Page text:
While Toyota’s Corolla hatch and sedan scored the headlines as the top-selling small car with 40,330 sales in 2016, the Hyundai pair flew somewhat under the radar because Hyundai small-car sales were, as usual, split in two – 37,772 for i30 and 4819 for Elantra – according to the official VFACTS sales system.
But if you consider that the two models are essentially hatch and sedan variants of the same vehicle, the twins generated 42,591 sales between them in 2016, outselling not only the Corolla but also the vehicle that was crowned with much fanfare as Australia’s best seller, the Toyota HiLux (42,104 units).
The achievement is all the more laudable when you consider where Hyundai came from a couple of decades ago when the South Korean company was the virtual laughing stock of the industry.
Cheap, brittle and sluggish cars such as the unloved Excel did the brand no favours, dragging the South Korean brand down the annual customer satisfaction survey ratings and creating a breed of motorists who adopted the mantra “never again a Hyundai”.
But a lot of hard work and good management have paid dividends. Last year, Hyundai came third in the inaugural JD Power Sales Satisfaction Index for Australia, behind Mazda and Honda, not only placing it above average but also above Toyota – long one of the benchmark brands in such ratings.
Success in such surveys counters claims by rivals that Hyundai is simply buying volume and share with its specials, such as the regular $19,990 driveaway i30.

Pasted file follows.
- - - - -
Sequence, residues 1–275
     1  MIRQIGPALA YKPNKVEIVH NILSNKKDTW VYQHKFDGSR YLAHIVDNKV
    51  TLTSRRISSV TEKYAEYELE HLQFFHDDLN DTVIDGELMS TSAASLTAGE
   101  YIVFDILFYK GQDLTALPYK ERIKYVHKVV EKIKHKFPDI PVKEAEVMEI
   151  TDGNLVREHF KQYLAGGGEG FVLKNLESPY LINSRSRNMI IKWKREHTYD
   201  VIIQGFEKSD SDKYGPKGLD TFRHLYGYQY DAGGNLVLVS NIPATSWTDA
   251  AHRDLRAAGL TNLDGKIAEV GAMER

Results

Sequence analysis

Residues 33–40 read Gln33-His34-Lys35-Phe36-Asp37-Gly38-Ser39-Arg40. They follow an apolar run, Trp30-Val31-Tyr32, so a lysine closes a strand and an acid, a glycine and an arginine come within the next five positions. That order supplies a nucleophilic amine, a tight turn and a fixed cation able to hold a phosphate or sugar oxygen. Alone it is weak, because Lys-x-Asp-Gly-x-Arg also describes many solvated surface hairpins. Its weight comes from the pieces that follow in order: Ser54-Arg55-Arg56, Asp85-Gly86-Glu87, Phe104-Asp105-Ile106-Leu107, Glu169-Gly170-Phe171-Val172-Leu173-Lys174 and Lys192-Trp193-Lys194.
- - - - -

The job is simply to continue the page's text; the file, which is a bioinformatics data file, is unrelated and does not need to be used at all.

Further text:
Customers appear to be drawn to showrooms by the pricing, but now come back for more because of product satisfaction, frequently choosing higher-specification variants with leather and sunroofs – items normally associated with quality brands.
With new models such as the Tucson and Santa Fe helping to push the Hyundai brand upmarket, more in line with Japanese marques, Hyundai has effectively put its past behind it, moving past old-time market leaders such as Holden and Ford in sales volume and customer satisfaction to create what appears to be a solid launching pad for market ascendancy.
This month, Hyundai took another step with the local launch of the all-new third-generation i30 that, along with the latest Elantra that slipped into showrooms a year ago, will – Hyundai hopes – take the brand to a new level.
Rather than make sales domination claims, however, Hyundai Motor Co Australia’s chief operating officer Scott Grant – a former Toyota executive – played down the chase for volume, suggesting that with the new i30, the hope is to sell more high-end variants, above $25,000.
As for the chances of i30 becoming Australia’s best-selling car, he says that as a hatchback alone, i30 cannot take the sales crown this year and that the goal for 2017 is to simply not go backwards.
To achieve last year’s volume, however, i30 sales are going to need to play catch-up, as a shortage of stock in the run-out stages of the model changeover in the first few months of 2017 has put the i30 33.8 per cent behind last year’s running rate.
Hyundai dealers appear to have coaxed more customers into Elantra during the i30 drought, with Elantra sales up a whopping 93 per cent in April, to 452 units.
Now that i30 stocks have started to flow, normal business should be resumed, with i30 outselling Elantra by a factor of about four to one in line with Australia’s love affair with hatchbacks over sedans.
The i30 sales bump should propel Hyundai’s small-car market segment share from the current 16.4 per cent – its worst in four years – to somewhere near last year’s record 20.6 per cent by year’s end.
The i30 cause no doubt will be helped by hoopla surrounding the arrival of a new halo variant, the punchy 204kW i30 N hot hatch, late in 2017 or early 2018 – a development that will do no harm to perceptions that the Hyundai is finally a true competitor for long-time small hatch guns such as Toyota, Volkswagen and Mazda.
By Ron Hammerton